You might think the amount of light in your barn doesn’t matter much. Think again. You can improve cow comfort, herd health and productivity by the flick of a light switch.

You might think the amount of light in your barn doesn’t matter much. Think again. You can improve cow comfort, herd health and productivity by the flick of a light switch.

Working in the Right Light

Studies carried out by Professor Alma Kennedy at the Universities in Canada (Manitoba and Alberta) conclude that dairy cattle can tolerate at least one foot-candle of white light and still experience this as “dark.”  This research also showed that exposure to 5 foot-candles at night reduced the normal level of the main nighttime hormone (melatonin) by 50 to 70 percent, a significant interference with the animals’ normal nighttime function.

Based on the present research findings, it is determined that night light in dairy barns can be designed with an intensity of about 1 to 1.5 foot-candles. When this is the case, dim light at 1 to 1.5 foot-candles allows surprisingly precise observation. Literature reports that “a person with normal eyesight can read newsprint with one foot-candle of light. More specifically, dairy farmers report that ear tags can be read, and cows identified at a distance when using this level of dim light.” Some farmers refer to this as “moonlight.” Dual-level fixtures and specially designed fluorescent fixtures are commercially available to meet this purpose.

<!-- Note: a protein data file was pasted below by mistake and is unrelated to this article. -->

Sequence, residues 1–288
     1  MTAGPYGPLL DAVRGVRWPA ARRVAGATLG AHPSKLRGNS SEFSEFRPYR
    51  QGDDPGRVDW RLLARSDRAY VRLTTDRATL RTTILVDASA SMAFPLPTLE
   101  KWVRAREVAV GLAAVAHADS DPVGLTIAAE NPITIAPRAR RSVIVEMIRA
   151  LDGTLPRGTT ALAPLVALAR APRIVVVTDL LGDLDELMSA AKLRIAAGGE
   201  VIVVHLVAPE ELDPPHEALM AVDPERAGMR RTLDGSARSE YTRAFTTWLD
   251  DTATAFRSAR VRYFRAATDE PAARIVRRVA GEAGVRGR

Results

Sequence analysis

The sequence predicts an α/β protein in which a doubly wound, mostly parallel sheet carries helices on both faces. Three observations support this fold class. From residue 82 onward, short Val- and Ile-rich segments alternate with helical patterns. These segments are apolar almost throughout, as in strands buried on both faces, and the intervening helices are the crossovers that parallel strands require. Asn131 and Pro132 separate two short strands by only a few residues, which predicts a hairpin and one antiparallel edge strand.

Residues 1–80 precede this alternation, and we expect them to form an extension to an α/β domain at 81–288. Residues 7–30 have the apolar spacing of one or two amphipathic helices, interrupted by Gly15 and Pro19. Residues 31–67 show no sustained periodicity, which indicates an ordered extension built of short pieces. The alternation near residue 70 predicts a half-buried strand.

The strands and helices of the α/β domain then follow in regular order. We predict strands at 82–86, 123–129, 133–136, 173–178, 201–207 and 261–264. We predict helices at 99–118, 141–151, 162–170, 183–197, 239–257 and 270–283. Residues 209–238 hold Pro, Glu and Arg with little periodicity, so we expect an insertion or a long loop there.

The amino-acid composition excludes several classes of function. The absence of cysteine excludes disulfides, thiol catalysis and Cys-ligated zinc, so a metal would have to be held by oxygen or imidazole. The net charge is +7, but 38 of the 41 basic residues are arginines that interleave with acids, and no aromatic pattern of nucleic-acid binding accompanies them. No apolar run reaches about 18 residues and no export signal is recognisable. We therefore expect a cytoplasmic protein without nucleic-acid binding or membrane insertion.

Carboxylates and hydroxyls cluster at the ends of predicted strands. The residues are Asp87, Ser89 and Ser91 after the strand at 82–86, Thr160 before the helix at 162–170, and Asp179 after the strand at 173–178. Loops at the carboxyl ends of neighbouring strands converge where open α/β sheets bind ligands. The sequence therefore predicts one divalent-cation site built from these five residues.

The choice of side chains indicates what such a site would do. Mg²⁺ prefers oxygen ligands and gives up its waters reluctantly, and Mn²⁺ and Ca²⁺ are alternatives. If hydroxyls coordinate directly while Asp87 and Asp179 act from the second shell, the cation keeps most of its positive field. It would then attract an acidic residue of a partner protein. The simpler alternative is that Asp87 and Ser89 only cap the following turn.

And the Studies Show

Source: Dahl, G.E. & D. Petitclerc: Management of photoperiod in the dairy herd for improved production and health.

Source: Dahl, G.E. & D. Petitclerc: Management of photoperiod in the dairy herd for improved production and health.

The investment in special lighting is well supported by research trials that provide proof on the effectiveness of long-day lighting as a tool for all dairy operations.

Lactating Cows – More production

There is up to a 10% increase in milk production when cows are given a long day photoperiod. One study reports that cows receiving 16 hours of light a day produce 3.7 pounds more milk a day than cows under a natural lighting scheme. Furthermore, after 20 days, the difference increases to 6.8 pounds per day. Sixteen hour lighting also slowed the decrease in milk production of those cows that originally started with natural lighting.